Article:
Helping the Homeless
It's sad but true that homelessness is a growing problem. Many of us are not sure how to react when we encounter a homeless person. Should we give money? Offer to buy a meal? Walk on by? Thanks to two researchers in Philadelphia, there's an app that might help you help homeless individuals.
Katie Dupere of Mashable explains how the StreetChange app works. Andrew Siegel and Dan Treglia, researchers at the University of Pennsylvania, partnered with the Mental Health Association of Southeastern Pennsylvania to develop a mobile app to help individuals find the items and services they need. Homeless people that become StreetChange clients work with a caseworker and complete a survey to identify needed items - haircuts, jackets, toothbrushes, etc. They are then given a Bluetooth beacon. Individuals that want to help can download the StreetChange app. When they pass within range of a person holding one of the beacons, the app alerts them and provides information about the client and their "wish list". App users can then choose to donate as much or as little as they want to help. When enough funds have been donated, the client returns to pick up their item and hopefully, will meet again with their caseworker to discuss the next steps for meeting their long-term goals.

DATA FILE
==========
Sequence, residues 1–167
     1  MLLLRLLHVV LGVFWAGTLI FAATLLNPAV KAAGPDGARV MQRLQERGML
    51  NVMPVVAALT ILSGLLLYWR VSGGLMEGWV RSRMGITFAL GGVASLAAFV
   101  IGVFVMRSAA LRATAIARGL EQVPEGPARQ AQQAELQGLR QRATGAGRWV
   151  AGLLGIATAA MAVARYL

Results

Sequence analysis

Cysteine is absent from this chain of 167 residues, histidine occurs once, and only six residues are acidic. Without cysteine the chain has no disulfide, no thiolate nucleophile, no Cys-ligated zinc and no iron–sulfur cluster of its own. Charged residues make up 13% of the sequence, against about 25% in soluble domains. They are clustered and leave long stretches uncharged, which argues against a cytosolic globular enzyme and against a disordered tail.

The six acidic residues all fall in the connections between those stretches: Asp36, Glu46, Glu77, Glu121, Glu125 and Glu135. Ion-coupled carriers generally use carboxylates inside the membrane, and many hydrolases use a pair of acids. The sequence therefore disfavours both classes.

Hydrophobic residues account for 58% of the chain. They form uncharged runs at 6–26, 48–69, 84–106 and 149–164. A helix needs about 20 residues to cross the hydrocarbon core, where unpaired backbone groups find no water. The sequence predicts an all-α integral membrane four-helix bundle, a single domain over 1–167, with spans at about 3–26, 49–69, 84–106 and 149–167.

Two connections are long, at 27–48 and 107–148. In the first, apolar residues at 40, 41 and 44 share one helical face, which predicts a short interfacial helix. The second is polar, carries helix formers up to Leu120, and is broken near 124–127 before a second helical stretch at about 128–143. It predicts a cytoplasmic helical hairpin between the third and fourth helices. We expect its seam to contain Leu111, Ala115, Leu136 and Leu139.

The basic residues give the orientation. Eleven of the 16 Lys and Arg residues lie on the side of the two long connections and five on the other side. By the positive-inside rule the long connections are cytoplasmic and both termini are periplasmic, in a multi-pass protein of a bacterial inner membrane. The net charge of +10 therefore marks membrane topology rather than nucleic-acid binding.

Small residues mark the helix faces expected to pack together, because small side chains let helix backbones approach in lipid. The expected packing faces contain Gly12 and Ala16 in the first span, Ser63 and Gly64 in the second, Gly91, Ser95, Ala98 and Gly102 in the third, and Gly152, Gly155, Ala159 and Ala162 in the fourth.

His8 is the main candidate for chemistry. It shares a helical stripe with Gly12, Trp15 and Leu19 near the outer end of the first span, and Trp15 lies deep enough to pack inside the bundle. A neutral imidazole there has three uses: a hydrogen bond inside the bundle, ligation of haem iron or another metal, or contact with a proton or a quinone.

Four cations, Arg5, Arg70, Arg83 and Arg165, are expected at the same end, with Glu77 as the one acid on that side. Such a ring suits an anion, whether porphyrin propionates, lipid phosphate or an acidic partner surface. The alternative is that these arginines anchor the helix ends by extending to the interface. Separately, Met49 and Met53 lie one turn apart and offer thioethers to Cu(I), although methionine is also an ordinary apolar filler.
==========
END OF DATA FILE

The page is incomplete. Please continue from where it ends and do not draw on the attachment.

Supporting Web Links
- The StreetChange App Makes Helping Homeless Communities Ridiculously Simple
- The Handy Guide Is The Mobile App Helping Homeless Women
- Survey app helps Colorado city track homelessness
- Using Mobile Data Collection for the Point-in-Time Count of Homelessness in St. Louis
- How homeless Chicago teens are using social media to communicate
- Slideshow: Refugees’ Stories Told Through Their Smartphones
- Using Apps to Deliver Mental Health Services to Homeless Young Adults
- Hack for the Homeless: A Humanitarian Technology Hackathon
- No, iPhones Aren’t Luxury Items. They’re Economic Necessities
- 'Hackers' design smartphone app for homeless people in Springfield
- Homeless, not phoneless: The app saving society's forgotten tech users
- U.S. consumers now spend 5 hours per day on mobile devices
- This article and some of the others in the Supporting Web Links section should provide lots of topics for discussion. It’s a good opportunity to discuss the growing importance mobile devices have to many different groups in society. Consider showing the video that accompanies the article to the class to generate more discussion about the impact technology is having on the homeless population.
- Divide the class into small groups. Encourage each group to brainstorm ideas for apps that could be developed to help a specific segment of the population. Students might consider apps for individuals with special needs, veterans, homeless people, young children, senior citizens, or some other group for which they see a need. Each group should develop a brief presentation to showcase their idea or ideas.
- As an individual project, ask students to research one of the apps mentioned in one of the Supporting Web Links articles. Students should write a brief paper or develop a short presentation about the app and about how a similar app might be deployed in their own hometown.